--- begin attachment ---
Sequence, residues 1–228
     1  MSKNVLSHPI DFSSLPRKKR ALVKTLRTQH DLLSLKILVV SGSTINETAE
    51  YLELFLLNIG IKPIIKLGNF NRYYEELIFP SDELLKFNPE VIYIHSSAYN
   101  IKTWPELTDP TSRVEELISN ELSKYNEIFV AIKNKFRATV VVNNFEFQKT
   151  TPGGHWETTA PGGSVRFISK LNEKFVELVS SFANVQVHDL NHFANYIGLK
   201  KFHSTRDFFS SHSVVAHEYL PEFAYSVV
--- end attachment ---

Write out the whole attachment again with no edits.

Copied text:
Sequence, residues 1–228
     1  MSKNVLSHPI DFSSLPRKKR ALVKTLRTQH DLLSLKILVV SGSTINETAE
    51  YLELFLLNIG IKPIIKLGNF NRYYEELIFP SDELLKFNPE VIYIHSSAYN
   101  IKTWPELTDP TSRVEELISN ELSKYNEIFV AIKNKFRATV VVNNFEFQKT
   151  TPGGHWETTA PGGSVRFISK LNEKFVELVS SFANVQVHDL NHFANYIGLK
   201  KFHSTRDFFS SHSVVAHEYL PEFAYSVV